About 1.8 million tonnes of electrical and electronic waste is generated every year, making it the fastest growing waste stream in the UK. Hardly a surprise when you consider how many mobile phones you have owned since they became a mass media channel just 12 years ago.
If your business uses electrical and electronic equipment (such as mobile phones, computer monitors and printers) there are regulations that you must comply with, known as the WEEE regulations, which aim to reduce the amount of this waste going to landfill. If your WEEE contains hazardous substances you may need to treat it as hazardous waste.
Duty of Care
All businesses (no matter how small) have a legal duty of care to store, transport and dispose of business waste without causing harm to the environment. This involves ensuring that it is stored and transported securely and appropriately so it does not escape; making sure that your waste is only transported and handled by people that are authorised to do so; and completing waste transfer notes or hazardous waste consignment notes to document all waste you transfer.
In order to create less waste, it is recommended that businesses reduce, reuse and recycle their waste. This can reduce costs as well as reducing your impact on the environment. For example, the cost of landfill tax is currently £48 per tonne, but this will increase by £8 per year until April 2013. If you reduce the amount of waste you produce, your business could save 4-5% of it’s turnover by paying less landfill tax.
An SME focusing on waste disposal, Envar Ltd, have saved £624,000 in disposal costs by diverting waste from landfill sites.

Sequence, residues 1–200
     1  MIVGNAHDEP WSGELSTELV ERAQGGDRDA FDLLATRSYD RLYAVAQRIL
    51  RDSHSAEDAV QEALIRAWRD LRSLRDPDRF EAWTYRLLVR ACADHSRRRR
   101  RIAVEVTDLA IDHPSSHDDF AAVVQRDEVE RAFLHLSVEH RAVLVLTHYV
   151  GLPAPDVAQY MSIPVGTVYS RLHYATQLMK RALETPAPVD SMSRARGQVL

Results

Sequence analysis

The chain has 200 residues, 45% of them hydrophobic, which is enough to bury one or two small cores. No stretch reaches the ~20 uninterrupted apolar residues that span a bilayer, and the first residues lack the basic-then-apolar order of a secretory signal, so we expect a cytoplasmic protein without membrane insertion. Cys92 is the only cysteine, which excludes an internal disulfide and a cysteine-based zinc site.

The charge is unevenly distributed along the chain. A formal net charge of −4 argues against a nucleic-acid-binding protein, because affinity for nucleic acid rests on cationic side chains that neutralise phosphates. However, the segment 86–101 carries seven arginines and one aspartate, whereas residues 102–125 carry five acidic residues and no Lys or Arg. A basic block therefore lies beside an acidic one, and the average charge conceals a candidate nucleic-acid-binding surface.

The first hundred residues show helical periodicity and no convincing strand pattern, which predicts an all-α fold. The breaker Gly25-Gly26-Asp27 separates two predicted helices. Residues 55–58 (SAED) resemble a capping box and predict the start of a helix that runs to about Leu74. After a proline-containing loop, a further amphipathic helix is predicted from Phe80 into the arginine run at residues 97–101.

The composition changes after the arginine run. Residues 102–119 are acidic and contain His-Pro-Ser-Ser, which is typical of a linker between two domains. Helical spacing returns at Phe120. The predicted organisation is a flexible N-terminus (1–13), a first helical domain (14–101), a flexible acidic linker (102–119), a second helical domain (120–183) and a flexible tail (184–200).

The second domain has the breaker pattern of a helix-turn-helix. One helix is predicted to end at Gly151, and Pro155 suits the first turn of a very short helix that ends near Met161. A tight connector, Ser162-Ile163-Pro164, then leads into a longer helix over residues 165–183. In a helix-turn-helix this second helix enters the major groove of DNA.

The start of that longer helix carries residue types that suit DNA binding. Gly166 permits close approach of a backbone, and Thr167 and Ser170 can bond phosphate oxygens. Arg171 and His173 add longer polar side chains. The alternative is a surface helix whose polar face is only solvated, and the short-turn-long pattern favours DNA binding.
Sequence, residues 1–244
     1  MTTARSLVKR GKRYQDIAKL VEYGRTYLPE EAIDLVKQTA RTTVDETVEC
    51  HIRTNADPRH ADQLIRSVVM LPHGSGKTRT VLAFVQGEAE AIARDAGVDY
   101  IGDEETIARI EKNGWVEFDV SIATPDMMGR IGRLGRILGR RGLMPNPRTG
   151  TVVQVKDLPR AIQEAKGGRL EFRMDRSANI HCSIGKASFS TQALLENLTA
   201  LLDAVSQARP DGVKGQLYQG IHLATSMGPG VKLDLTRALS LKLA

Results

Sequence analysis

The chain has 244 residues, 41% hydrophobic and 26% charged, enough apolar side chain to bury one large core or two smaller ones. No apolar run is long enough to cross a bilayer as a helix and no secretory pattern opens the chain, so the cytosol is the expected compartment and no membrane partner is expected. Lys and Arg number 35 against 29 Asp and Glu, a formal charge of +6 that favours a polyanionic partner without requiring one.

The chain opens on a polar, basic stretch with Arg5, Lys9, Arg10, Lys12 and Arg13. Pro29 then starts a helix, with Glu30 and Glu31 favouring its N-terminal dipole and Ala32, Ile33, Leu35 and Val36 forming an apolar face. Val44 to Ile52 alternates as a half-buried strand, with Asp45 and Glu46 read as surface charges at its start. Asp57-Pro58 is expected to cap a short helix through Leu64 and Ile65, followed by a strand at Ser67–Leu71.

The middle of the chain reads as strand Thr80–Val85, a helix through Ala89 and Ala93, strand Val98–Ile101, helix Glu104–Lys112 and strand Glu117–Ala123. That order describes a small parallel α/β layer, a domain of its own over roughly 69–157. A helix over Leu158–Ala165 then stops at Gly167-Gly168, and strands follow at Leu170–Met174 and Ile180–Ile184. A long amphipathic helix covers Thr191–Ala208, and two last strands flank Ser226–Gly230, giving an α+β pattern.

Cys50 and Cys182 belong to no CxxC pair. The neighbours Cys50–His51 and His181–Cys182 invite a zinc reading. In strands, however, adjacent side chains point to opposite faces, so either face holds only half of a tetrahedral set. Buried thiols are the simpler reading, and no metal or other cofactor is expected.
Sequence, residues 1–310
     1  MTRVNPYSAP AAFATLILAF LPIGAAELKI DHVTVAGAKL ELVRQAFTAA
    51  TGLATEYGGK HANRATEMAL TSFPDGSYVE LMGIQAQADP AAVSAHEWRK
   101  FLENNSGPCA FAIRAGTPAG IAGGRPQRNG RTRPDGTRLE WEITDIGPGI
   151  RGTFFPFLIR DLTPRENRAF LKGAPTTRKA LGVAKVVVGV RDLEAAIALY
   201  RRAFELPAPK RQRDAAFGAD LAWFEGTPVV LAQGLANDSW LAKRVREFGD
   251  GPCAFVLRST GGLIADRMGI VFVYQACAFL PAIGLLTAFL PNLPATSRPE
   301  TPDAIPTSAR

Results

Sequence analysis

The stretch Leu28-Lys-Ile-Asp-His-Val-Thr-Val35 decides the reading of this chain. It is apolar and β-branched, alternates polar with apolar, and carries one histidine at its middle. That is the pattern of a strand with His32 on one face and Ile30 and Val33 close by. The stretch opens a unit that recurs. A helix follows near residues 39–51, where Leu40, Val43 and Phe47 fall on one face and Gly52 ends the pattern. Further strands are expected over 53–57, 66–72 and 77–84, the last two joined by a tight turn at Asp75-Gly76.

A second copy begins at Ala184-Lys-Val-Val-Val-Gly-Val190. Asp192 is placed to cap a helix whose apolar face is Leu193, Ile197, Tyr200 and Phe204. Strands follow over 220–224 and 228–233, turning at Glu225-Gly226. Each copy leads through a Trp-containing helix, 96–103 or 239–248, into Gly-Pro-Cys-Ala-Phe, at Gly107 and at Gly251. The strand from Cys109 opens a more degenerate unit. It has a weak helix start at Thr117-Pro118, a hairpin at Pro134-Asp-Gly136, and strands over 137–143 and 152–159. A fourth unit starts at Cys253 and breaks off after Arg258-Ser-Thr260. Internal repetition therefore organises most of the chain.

A further benefit of choosing to recycle over sending waste to landfill is the potential energy savings. Recycling two glass bottles saves enough energy to boil 5 cups of tea! But what exactly can you recycle?
This question becomes all the more difficult to answer when you realise that many waste types are considered hazardous. Did you know that fluorescent light tubes are hazardous waste?
Hazardous waste (or special waste as it is known in Scotland) is any waste that is harmful to human health or the environment. There are special controls for moving, transporting or disposing off hazardous/special waste, which means that it can’t go in with your general waste and is subject to different rules to most things you recycle. It is recommended that you dispose of hazardous waste appropriately, in line with the legislation, at sites that are authorised to accept it.
So next time you prepare an induction for a new starter or rewrite that staff handbook ask yourself whether you should be highlighting any environmental company policies around energy, waste or recycling. And if you want to impress the boss why not suggest improving your company’s green credentials and save them some money too – it’s bound to be a winner!
To help you find out whether your office is complying with environmental legislation download the offices checklist from NetRegs.gov.uk.
NetRegs.gov.uk is a plain language environmental guidance website for businesses. For further information visit NetRegs.